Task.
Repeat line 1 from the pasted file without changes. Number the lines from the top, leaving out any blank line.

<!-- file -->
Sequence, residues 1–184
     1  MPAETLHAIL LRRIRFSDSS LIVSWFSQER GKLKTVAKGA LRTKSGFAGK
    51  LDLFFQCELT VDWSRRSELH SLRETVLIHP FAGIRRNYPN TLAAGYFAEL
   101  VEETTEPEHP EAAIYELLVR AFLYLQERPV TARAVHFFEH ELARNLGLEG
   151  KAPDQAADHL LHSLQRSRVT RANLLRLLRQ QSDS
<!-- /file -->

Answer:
Sequence, residues 1–184